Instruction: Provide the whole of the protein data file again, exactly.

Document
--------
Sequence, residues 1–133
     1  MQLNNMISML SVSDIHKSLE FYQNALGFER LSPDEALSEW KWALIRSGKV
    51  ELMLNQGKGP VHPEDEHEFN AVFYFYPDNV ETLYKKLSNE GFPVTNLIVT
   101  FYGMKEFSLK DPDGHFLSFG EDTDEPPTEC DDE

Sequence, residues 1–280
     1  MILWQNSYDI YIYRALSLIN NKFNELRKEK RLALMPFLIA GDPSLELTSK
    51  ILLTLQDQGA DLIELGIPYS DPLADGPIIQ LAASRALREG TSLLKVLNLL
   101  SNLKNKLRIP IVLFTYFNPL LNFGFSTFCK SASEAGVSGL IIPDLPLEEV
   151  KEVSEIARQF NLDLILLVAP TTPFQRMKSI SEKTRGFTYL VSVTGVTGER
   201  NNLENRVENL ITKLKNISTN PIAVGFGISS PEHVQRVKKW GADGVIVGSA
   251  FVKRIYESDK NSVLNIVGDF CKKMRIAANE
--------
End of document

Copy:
Sequence, residues 1–133
     1  MQLNNMISML SVSDIHKSLE FYQNALGFER LSPDEALSEW KWALIRSGKV
    51  ELMLNQGKGP VHPEDEHEFN AVFYFYPDNV ETLYKKLSNE GFPVTNLIVT
   101  FYGMKEFSLK DPDGHFLSFG EDTDEPPTEC DDE

Sequence, residues 1–280
     1  MILWQNSYDI YIYRALSLIN NKFNELRKEK RLALMPFLIA GDPSLELTSK
    51  ILLTLQDQGA DLIELGIPYS DPLADGPIIQ LAASRALREG TSLLKVLNLL
   101  SNLKNKLRIP IVLFTYFNPL LNFGFSTFCK SASEAGVSGL IIPDLPLEEV
   151  KEVSEIARQF NLDLILLVAP TTPFQRMKSI SEKTRGFTYL VSVTGVTGER
   201  NNLENRVENL ITKLKNISTN PIAVGFGISS PEHVQRVKKW GADGVIVGSA
   251  FVKRIYESDK NSVLNIVGDF CKKMRIAANE